$\begin{array}{l}\left({{\gamma }^{\prime }}_{1}{\gamma }_{3}-{\gamma }_{1}{{\gamma }^{\prime }}_{3}\right){w}^{2}+\left({{\gamma }^{\prime }}_{1}{\gamma }_{4}-{\gamma }_{1}{{\gamma }^{\prime }}_{4}+{{\gamma }^{\prime }}_{2}{\gamma }_{3}-{\gamma }_{2}{{\gamma }^{\prime }}_{3}\right)w+\left({\gamma }_{1}{\gamma }_{4}-{\gamma }_{2}{\gamma }_{3}\right){w}^{\prime }+{{\gamma }^{\prime }}_{2}{\gamma }_{4}-{\gamma }_{2}{\gamma }_{4}\\ =a\left({\gamma }_{1}^{2}{w}^{2}+2{\gamma }_{1}{\gamma }_{2}w+{\gamma }_{2}^{2}\right)+b\left({\gamma }_{1}{\gamma }_{3}{w}^{2}+{\gamma }_{1}{\gamma }_{4}w+{\gamma }_{2}{\gamma }_{3}w+{\gamma }_{2}{\gamma }_{4}\right)\\ \text{\hspace{0.17em}}\text{\hspace{0.17em}}\text{ }+c\left({\gamma }_{3}^{2}{w}^{2}+2{\gamma }_{3}{\gamma }_{4}w+{\gamma }_{4}^{2}\right)\end{array}$ $⇒$

$\begin{array}{l}\left({{\gamma }^{\prime }}_{1}{\gamma }_{3}-{\gamma }_{1}{{\gamma }^{\prime }}_{3}\right){w}^{2}+\left({{\gamma }^{\prime }}_{1}{\gamma }_{4}-{{\gamma }^{\prime }}_{1}{\gamma }_{4}+{{\gamma }^{\prime }}_{2}{\gamma }_{3}-{\gamma }_{2}{{\gamma }^{\prime }}_{3}\right)w+\left({\gamma }_{1}{\gamma }_{4}-{\gamma }_{2}{\gamma }_{3}\right){w}^{\prime }+\left({{\gamma }^{\prime }}_{2}{\gamma }_{4}-{\gamma }_{2}{{\gamma }^{\prime }}_{4}\right)\\ =\left(a{\gamma }_{1}^{2}+b{\gamma }_{1}{\gamma }_{3}+c{\gamma }_{3}^{2}\right){w}^{2}+\left(2a{\gamma }_{1}{\gamma }_{2}+b{\gamma }_{1}{\gamma }_{4}+b{\gamma }_{2}{\gamma }_{3}+2c{\gamma }_{3}{\gamma }_{4}\right)w\\ \text{\hspace{0.17em}}\text{\hspace{0.17em}}\text{ }\text{ }+\left(a{\gamma }_{2}^{2}+b{\gamma }_{2}{\gamma }_{4}+c{\gamma }_{4}^{2}\right)\end{array}$ $⇒$

$\begin{array}{c}{w}^{\prime }=\frac{a{\gamma }_{1}^{2}+b{\gamma }_{1}{\gamma }_{3}+c{\gamma }_{3}^{3}-{{\gamma }^{\prime }}_{1}{\gamma }_{3}+{\gamma }_{1}{{\gamma }^{\prime }}_{3}}{{\gamma }_{1}{\gamma }_{4}-{\gamma }_{2}{\gamma }_{3}}{w}^{2}\\ \text{\hspace{0.17em}}\text{\hspace{0.17em}}+\frac{2a{\gamma }_{1}{\gamma }_{2}+b{\gamma }_{1}{\gamma }_{4}+b{\gamma }_{2}{\gamma }_{3}+2c{\gamma }_{3}{\gamma }_{4}-{{\gamma }^{\prime }}_{1}{\gamma }_{4}+{{\gamma }^{\prime }}_{1}{\gamma }_{4}-{{\gamma }^{\prime }}_{2}{\gamma }_{3}+{\gamma }_{2}{{\gamma }^{\prime }}_{3}}{{\gamma }_{1}{\gamma }_{4}-{\gamma }_{2}{\gamma }_{3}}w\\ \text{\hspace{0.17em}}\text{\hspace{0.17em}}+\frac{a{\gamma }_{2}^{2}+b{\gamma }_{2}{\gamma }_{4}+c{\gamma }_{4}^{2}-{{\gamma }^{\prime }}_{2}{\gamma }_{4}+{\gamma }_{2}{{\gamma }^{\prime }}_{4}}{{\gamma }_{1}{\gamma }_{4}-{\gamma }_{2}{\gamma }_{3}}\end{array}$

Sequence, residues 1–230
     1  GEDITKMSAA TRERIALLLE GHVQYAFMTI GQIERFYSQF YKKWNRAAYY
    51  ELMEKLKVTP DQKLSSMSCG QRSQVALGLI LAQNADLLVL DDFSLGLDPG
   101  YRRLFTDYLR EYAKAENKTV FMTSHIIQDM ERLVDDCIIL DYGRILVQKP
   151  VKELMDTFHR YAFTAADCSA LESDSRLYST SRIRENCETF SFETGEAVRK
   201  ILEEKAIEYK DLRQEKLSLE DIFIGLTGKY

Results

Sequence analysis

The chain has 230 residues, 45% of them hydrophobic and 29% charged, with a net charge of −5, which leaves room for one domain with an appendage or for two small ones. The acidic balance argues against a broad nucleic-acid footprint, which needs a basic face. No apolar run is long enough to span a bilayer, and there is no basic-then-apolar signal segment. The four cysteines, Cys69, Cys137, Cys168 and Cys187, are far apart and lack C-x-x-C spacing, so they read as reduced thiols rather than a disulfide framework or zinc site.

Theorem 3. If the rational function $y\left(t\right)=\frac{{k}_{1}t+{k}_{2}}{{k}_{3}t+{k}_{4}}$ is a non-constant solution of the Riccati equation $\frac{\text{d}y}{\text{d}t}=a\left(t\right){y}^{2}+b\left(t\right)y+c\left(t\right)$ where ${k}_{1},{k}_{2},{k}_{3}$ and ${k}_{4}$ are constant, then the coeffcient $a\left(t\right)$, $b\left(t\right)$, and $c\left(t\right)$ are constant functions.

Proof. If we choose $w=t$ and ${k}_{1},{k}_{2},{k}_{3}$ and ${k}_{4}$ are constant, then $y\left(t\right)=\frac{{k}_{1}t+{k}_{2}}{{k}_{3}t+{k}_{4}}$ in the previous theorem. Now replacing w byt in the Riccati equation in the previous theorem, we obtain:

$\begin{array}{c}1=\frac{a\left(t\right){k}_{1}^{2}+b\left(t\right){k}_{1}{k}_{3}+c\left(t\right){k}_{3}^{2}}{{k}_{1}{k}_{4}-{k}_{2}{k}_{3}}{t}^{2}\\ \text{\hspace{0.17em}}\text{\hspace{0.17em}}+\frac{2a\left(t\right){k}_{1}{k}_{2}+b\left(t\right)\left({k}_{1}{k}_{4}+{k}_{2}{k}_{3}\right)+2c\left(t\right){k}_{3}{k}_{4}}{{k}_{1}{k}_{4}-{k}_{2}{k}_{3}}t\\ \text{\hspace{0.17em}}\text{\hspace{0.17em}}+\frac{a\left(t\right){k}_{2}^{2}+b\left(t\right){k}_{2}{k}_{4}+c\left(t\right){k}_{4}^{2}}{{k}_{1}{k}_{4}-{k}_{2}{k}_{3}}\end{array}$